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The paper discusses the rapid decline in union membership and how it mean less bargaining power and influence for unions to gain valuable rights for workers. The paper argues that the best chance for unions to stabilize is through further recruitment of women and workers in the 'hard to organize' sectors, such as fast-food restaurant workers. The paper explains the difficulties in unionizing these workers but contends that the union movement would gain strength if all members were represented and allowed a voice.
From the Paper:"Organizing is of importance to unions due to downward pressures on membership from globalization. Unions are facing increased pressures to stabilize membership and to gain lost ground in recent years. For example, today about 30% of Canadian workers are unionized, down from 37% in 1982 and in Britain there have been losses of approximately 28% (Clarke & White, 2010, p. 101). The rapid decline in membership numbers mean less bargaining power and influence to gain valuable rights for workers. The best chance that unions have to stabilize is through further recruitment of women workers and workers in the 'hard to organize' sectors.
"Organizing for women is important since they represented in most of the hard to organize sectors of employment. Hunt and Rayside (2000) recognize that female-dominated sectors have been weakly unionized and have large proportion of part-time, temporary workers. Through unionization, women can fight pay equity, improvements to working conditions, and employment conditions. In fact, women who are unionized are better off then nonunionized women and minorities through having the capacity to stand up for their rights. The union can assist women by supporting them through the economic recession and the restructuring that is currently taking place (Hunt and Rayside, 2000)."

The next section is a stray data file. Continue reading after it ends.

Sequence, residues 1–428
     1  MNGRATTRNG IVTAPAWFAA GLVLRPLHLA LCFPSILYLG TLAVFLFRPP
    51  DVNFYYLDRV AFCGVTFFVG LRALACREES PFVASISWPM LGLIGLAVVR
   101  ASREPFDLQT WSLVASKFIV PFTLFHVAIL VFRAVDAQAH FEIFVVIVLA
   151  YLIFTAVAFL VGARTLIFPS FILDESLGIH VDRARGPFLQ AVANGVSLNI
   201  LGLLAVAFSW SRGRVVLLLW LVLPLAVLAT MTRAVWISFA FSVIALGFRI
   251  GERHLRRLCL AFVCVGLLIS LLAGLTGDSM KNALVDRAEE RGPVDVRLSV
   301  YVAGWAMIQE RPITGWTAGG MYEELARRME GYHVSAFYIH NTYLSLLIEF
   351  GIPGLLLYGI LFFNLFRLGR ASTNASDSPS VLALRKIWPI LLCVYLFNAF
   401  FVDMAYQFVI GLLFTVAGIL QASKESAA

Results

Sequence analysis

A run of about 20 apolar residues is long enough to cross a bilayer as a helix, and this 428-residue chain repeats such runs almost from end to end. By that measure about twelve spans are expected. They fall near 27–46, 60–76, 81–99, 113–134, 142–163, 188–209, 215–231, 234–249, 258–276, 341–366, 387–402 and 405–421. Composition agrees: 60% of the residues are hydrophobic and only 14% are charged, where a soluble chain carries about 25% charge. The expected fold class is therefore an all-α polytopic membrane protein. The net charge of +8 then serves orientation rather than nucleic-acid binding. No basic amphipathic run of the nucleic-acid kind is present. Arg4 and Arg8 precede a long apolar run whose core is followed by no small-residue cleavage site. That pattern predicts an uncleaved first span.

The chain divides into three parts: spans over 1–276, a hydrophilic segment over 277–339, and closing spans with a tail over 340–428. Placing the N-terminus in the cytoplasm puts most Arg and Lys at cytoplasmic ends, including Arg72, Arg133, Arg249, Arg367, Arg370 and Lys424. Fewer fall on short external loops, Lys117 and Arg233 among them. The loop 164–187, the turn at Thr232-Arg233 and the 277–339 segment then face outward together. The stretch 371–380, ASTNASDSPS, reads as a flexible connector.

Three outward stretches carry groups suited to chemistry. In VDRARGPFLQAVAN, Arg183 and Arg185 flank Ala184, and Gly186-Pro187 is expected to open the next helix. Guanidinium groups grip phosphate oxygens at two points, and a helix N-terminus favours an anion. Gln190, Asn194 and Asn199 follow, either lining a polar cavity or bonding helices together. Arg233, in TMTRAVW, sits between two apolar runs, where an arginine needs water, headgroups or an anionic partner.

Sample of Sources Used:
- Clarke, M., & White, J., (2010). Women and Unions Study Guide,. Alberta: Athabasca University.
- Cranford, C. J. (2007). Constructing Union Motherhood: Gender and Social Reproduction in the Los Angeles 'Just for Janitors' Movement. Qualitative Sociology, 30(4), 361-381.
- Datta, R. (2003). From Development to Empowerment: The Self-Employed Women's Assoication in India. International Journal of Politics, Culture and Society, 16(3), 351-368.
- Hunt, G., & Rayside, D., (2000). Labor Union Response to Diversity in Canada and the United States., Industrial Relations: A Journal of Economy and Society, 39(3), 417-431.
- Reiter, E. (1986). Life in a Fast-Food Factory., In C. Heron & R. Storey (Eds.), On the job: Confronting the Labour Process in Canada (pp. 309-326). Kingston and Montreal: McGill-Queen's University Press.
Cite this Persuasive Essay:
Unionizing Women and Marginalized Workers (2012, June 10) Retrieved April 18, 2021, from https://www.academon.com/persuasive-essay/unionizing-women-and-marginalized-workers-151388/
"Unionizing Women and Marginalized Workers" 10 June 2012. Web. 18 April. 2021. <https://www.academon.com/persuasive-essay/unionizing-women-and-marginalized-workers-151388/>